In the case of the new module, I knew that I want several classes. Each has one responsibility. I knew I want some level of abstraction and good encapsulation.
So I kept trying to create this great encapsulated abstract data structure. And the code kept being extremely complicated.
Important note: I always to test first approach.
Each time I tried to create a test for a certain behavior, it was really really complicated.

I stopped

Went to have a cup of coffey.
I went to read some unrelated stuff.
And I talked to one of my peers.
We both understood what we needed to do.
I went home…

And then it hit me

The problem I had was that I knew were I needed to go, but instead of taking small steps, I kept trying to take one big leap at once.
Which brings me to the analogy of Agile to good programming habits (and TDD would be one of them).

Agile and Programming Analogy

One of the advantages in Agile development that I really like is the small steps (iteration) we do in order to reach our goal.
Check the two pictures below.
One shows how we aim towards a far away goal and probably miss.
The other shows how we divide to iterations and aim incrementally.

Aiming From Far

Aiming From Far

Aiming Iterative and Incremental

Aiming Iterative and Incremental

Develop in Small Incremental Iterations

This is the moral of the story.
Even if you know exactly how the structure of the classes should look like.
Even if you know exactly which design pattern to use.
Even if you know what to do.
Even if you know exactly how the end result should look like.

Keep on using the methods and practices that brings you to the goal in the safest and fastest way.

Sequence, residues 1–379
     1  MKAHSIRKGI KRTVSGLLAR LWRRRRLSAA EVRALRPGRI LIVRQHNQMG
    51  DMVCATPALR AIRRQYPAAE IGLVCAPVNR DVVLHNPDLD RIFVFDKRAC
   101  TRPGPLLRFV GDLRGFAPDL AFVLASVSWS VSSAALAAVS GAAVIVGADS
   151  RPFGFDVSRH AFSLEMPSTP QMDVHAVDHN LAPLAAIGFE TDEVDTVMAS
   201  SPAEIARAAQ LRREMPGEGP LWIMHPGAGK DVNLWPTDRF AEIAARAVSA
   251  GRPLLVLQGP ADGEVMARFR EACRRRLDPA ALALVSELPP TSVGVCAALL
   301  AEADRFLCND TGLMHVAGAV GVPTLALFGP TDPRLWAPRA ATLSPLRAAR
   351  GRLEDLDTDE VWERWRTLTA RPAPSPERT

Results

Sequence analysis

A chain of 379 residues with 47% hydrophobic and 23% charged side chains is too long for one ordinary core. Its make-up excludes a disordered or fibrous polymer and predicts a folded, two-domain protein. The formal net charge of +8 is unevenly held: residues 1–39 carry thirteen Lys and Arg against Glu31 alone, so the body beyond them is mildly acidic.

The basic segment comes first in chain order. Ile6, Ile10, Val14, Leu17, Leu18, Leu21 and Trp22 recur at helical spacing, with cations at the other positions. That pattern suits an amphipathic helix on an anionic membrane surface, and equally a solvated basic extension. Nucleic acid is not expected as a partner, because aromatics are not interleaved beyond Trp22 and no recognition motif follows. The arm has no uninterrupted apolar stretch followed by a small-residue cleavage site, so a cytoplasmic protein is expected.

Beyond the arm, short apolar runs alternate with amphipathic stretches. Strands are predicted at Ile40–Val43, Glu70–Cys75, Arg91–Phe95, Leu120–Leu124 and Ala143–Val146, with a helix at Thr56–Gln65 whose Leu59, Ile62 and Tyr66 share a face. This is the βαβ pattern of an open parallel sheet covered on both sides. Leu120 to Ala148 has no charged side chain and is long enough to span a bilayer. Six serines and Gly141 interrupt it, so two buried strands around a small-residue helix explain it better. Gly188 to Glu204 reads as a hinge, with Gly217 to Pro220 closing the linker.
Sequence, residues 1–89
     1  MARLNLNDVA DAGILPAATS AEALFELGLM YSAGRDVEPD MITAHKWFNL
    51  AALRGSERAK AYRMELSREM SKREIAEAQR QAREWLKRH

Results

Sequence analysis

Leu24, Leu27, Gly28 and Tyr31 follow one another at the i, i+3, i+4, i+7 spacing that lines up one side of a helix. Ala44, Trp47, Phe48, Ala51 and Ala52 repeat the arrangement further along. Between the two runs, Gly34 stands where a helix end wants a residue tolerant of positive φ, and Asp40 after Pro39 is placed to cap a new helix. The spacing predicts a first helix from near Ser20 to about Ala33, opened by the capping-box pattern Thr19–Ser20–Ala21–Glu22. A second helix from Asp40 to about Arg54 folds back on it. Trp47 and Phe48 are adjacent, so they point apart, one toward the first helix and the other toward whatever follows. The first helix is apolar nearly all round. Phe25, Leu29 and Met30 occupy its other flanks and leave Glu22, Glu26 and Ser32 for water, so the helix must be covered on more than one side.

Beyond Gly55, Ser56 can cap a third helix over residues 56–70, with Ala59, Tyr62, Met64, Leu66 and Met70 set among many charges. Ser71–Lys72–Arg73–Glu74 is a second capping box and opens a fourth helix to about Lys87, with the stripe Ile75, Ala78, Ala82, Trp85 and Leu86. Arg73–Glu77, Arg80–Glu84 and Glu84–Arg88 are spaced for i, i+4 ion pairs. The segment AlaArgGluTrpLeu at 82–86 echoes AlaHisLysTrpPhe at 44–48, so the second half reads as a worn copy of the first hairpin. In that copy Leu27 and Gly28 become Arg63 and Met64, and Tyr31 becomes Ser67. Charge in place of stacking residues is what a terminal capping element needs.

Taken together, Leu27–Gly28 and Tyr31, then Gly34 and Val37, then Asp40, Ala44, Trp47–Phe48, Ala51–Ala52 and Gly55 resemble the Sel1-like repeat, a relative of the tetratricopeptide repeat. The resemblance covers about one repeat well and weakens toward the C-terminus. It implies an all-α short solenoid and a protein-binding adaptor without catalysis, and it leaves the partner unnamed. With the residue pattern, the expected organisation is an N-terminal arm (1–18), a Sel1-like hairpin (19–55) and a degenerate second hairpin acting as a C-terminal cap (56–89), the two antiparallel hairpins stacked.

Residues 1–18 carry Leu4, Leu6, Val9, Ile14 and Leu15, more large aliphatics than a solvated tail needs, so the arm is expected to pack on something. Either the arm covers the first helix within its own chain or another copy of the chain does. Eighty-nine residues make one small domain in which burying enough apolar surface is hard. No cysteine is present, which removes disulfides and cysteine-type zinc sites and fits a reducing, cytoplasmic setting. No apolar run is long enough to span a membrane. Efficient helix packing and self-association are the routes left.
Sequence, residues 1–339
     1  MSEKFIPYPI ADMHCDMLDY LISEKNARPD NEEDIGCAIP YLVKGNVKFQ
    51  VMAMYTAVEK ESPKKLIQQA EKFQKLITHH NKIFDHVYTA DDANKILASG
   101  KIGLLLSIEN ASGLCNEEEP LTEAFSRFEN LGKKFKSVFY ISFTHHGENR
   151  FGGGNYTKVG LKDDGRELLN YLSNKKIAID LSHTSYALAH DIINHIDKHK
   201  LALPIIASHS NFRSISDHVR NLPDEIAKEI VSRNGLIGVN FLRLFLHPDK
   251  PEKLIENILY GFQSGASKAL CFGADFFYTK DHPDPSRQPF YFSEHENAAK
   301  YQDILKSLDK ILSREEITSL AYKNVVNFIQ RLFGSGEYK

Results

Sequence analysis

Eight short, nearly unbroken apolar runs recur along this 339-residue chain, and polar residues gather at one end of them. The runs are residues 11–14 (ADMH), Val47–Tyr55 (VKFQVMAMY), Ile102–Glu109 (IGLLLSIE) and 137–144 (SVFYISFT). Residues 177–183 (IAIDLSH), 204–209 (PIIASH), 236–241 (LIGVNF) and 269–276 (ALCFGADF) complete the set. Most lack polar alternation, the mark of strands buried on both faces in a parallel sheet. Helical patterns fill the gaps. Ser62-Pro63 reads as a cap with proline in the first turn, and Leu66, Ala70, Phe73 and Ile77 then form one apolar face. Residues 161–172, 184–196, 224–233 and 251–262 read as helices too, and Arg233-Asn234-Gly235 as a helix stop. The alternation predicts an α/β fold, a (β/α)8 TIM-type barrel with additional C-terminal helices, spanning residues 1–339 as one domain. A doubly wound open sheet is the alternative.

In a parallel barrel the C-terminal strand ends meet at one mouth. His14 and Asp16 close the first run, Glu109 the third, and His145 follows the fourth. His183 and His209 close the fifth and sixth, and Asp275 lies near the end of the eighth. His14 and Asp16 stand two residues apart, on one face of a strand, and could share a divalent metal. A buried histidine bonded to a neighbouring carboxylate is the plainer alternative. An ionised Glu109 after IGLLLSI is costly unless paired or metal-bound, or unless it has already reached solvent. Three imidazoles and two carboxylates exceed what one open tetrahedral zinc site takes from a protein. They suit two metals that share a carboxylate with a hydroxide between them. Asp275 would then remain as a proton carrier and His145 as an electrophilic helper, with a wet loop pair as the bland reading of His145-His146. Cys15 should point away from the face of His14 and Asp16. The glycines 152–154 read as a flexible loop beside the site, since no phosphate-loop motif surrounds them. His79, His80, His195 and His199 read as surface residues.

Do small steps.
Test each step.
Increment the functionality of the code in small chucks.
Keep calm.

Refactor Big Leap

Refactor Big Leap

Refactor Small Steps

Refactor Small Steps

Request Validation and Filtering by Flags – Redesign and Refactoring

In the previous posts I started describing a validation / filtering framework we’re building.
While showing the code, I am trying to show clean code, test orientation and code evolution.
It has some agility in the process; We know the end requirements, but the exact details are evolving over time.

During the development we have changed the code to be more general as we saw some patterns in it.
The code evolved as the flow evolved as well.

The flow as we now understand it
Here’s a diagram of the flow we’ll implement

Request Sequence

Request Sequence

The Pattern
At each step of the sequence (validation, filtering, action), we recognized the same pattern:

  1. We have specific implementations (filters, validations)
  2. We have an engine that wraps up the specific implementations
  3. We need to map the implementations by flag, and upon request’s flags, select the appropriate implementations.
  4. We need to have a class that calls the mapper and then the engine

A diagram showing the pattern

The Pattern

The Pattern

Source Code
In order to show some of the evolution of the code, and how refactoring changed it, I added tags in GitHub after major changes.

Code Examples
Let’s see what came up from the mapper pattern.

public interface MapperByFlag<T> {
  List<T> getOperations(Request request);
public abstract class AbstractMapperByFlag<T> implements MapperByFlag<T> {
  private List<T> defaultOperations;
  private Map<String, List<T>> mapOfOperations;

  public AbstractMapperByFlag(List<T> defaultOperations, Map<String, List<T>> mapOfOperations) {
    this.defaultOperations = defaultOperations;
    this.mapOfOperations = mapOfOperations;

  public final List<T> getOperations(Request request) {
    Set<T> selectedFilters = Sets.newHashSet(defaultOperations);
    Set<String> flags = request.getFlags();
    for (String flag : flags) {
      if (mapOfOperations.containsKey(flag)) {
    return Lists.newArrayList(selectedFilters);
  public RequestValidationByFlagMapper(List<RequestValidation> defaultValidations,
    map<String, List<RequestValidation>> mapOfValidations) {
    super(defaultValidations, mapOfValidations);

  public ItemFiltersByFlagMapper(List<Filter> defaultFilters, Map<String, List<Filter>> mapOfFilters) {